As recently as yesterday, Tinder users have been noticing a steep price increase of paid boosts, luckily some r/SwipeHelper redditors among them. Reportedly, the cost of a single Boost has increased from $3.99 to $6.99, and the price of a ten-pack to $49. Saying that’s rather steep might be a bit of an understatement.
Tinder Boosts are a consumable in-app purchase that show your profile to “up to” ten times as many users as usually, supposedly.
And why did Tinder raise boost prices? The first thing that comes to mind is greed, of course. Though if the intention was to increase revenue by increasing prices by just enough that buyer numbers will not noticeably decrease, then suddenly almost doubling prices seems like a slightly flawed tactic. Putting incompetence aside as a potential cause for a moment, there is another possible rationale behind this:
Tinder might be trying to re-balance match rates.
If you’ve been using Tinder for more than a few months, it will not surprise you to hear that the average (male) user’s match rates have been severely declining to near zero over the past two years. You may also have noticed that the only reliable way to still get a good number of matches has been paying for boosts. Now, this may be purely an effect of so many people using this feature to cut in line that normal users simply get pushed back into oblivion, but what doesn’t quite add up is that match rates have experienced a deep, lasting drop one month before Tinder released boosts.
I have long suspected that there is another factor at play though, and that’s (among others) Tinder’s dwindling (active) female user base. Active as in using the app for dating purposes, as opposed to marketing instagram accounts. This of course leads to the dating market being over saturated with men, which means women can be (even) pickier, which means men will have to lower their standards (even) more, which means women can be even pickier, etc. A.k.a. The vicious circle of Tinder.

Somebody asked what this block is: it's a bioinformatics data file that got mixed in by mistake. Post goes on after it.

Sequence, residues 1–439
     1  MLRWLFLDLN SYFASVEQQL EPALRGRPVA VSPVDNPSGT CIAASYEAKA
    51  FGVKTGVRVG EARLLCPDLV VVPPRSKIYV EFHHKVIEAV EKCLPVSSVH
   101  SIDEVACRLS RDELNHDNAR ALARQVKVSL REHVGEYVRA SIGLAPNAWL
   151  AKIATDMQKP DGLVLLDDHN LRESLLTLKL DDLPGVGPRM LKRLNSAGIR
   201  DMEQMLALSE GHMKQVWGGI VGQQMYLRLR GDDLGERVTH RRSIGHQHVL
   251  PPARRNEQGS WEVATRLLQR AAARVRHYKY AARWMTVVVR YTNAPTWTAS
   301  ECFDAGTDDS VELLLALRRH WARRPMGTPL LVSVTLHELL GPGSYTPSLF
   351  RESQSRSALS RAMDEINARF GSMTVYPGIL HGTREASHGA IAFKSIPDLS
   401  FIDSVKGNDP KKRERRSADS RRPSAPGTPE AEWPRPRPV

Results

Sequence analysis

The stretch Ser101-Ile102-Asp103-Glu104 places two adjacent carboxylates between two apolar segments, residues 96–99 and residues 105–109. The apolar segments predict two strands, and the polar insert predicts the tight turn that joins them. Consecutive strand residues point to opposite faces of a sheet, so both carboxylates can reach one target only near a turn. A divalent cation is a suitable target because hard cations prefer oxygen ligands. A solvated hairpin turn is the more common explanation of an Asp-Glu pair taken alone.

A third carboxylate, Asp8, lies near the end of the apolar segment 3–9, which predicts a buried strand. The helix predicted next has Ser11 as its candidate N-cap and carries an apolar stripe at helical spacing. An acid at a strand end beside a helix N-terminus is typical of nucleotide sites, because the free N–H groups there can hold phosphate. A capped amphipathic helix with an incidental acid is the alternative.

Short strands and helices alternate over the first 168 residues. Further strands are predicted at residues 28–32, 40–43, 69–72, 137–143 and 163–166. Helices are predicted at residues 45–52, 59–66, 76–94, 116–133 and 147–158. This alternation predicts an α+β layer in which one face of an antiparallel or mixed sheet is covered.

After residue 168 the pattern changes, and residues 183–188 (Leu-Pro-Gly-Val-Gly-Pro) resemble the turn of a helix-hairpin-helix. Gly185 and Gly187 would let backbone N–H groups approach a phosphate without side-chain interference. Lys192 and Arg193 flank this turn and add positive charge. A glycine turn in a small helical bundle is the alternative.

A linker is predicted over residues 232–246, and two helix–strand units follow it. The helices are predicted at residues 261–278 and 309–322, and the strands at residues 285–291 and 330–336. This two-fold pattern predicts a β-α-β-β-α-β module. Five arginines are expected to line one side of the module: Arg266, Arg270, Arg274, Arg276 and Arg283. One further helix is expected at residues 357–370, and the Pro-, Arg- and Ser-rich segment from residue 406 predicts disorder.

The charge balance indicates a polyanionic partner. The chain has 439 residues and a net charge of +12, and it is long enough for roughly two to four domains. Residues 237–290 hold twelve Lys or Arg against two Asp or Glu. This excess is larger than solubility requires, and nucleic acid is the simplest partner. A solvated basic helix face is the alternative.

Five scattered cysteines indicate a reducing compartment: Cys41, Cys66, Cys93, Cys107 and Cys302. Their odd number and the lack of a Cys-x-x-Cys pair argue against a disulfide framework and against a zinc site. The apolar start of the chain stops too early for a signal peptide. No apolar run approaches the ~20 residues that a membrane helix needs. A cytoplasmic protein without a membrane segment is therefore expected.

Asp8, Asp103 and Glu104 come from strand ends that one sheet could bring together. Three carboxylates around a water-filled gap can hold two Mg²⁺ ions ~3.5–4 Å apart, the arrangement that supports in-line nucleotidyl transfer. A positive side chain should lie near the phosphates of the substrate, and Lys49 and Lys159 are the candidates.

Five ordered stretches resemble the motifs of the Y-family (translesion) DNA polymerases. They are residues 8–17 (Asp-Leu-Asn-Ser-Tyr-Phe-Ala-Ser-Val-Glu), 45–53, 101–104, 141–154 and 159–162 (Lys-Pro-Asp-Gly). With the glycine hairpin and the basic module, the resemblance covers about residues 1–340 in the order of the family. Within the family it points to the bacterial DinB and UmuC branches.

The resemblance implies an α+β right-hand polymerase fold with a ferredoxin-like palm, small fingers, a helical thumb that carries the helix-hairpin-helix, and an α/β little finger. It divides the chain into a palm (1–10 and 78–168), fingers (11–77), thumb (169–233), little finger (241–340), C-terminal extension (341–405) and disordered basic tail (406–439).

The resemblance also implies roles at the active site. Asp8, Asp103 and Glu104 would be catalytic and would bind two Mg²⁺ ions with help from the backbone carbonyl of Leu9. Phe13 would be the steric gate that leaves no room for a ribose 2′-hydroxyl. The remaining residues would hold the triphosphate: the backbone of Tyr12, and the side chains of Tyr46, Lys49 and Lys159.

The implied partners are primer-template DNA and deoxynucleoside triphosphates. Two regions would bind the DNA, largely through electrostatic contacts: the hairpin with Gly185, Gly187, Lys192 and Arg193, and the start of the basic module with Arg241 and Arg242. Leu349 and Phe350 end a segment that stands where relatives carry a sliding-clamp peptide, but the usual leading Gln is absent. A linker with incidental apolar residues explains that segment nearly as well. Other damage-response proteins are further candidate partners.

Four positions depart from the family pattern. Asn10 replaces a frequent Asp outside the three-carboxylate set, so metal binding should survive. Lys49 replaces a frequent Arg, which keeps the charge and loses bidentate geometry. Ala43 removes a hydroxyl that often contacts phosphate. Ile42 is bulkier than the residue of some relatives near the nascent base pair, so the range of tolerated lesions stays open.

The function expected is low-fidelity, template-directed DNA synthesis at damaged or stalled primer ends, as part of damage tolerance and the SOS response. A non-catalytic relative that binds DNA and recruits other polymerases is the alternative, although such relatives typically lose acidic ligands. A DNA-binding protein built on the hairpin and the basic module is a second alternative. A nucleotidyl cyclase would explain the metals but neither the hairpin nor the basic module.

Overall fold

Back to the rebalancing theory: Assuming boosts are having as much of an impact on a non-boosting user that it’s becoming a problem for Tinder – a problem such as user numbers dumping, then raising prices for boosts enough to actually discourage their use for a good number of users could be a viable strategy to feed the starving masses some matches again. Simultaneously, they’re introducing “Super Boosts” at ridiculous prices to milk those for whom money plays not much of a role; Or, you know, gambling addicts.
Thus getting satisfactory numbers of matches to those willing to pay for them, while trying to let at least some trickle down to the disenfranchised masses, lest they wander off to the greener pastures that are Bumble and Hinge.
What do you think about this price increase? What has been your experience with Tinder as of late? Any factual (or spelling) errors to correct? Feel free to leave a comment below, or visit the SwipeHelper Subreddit. See you there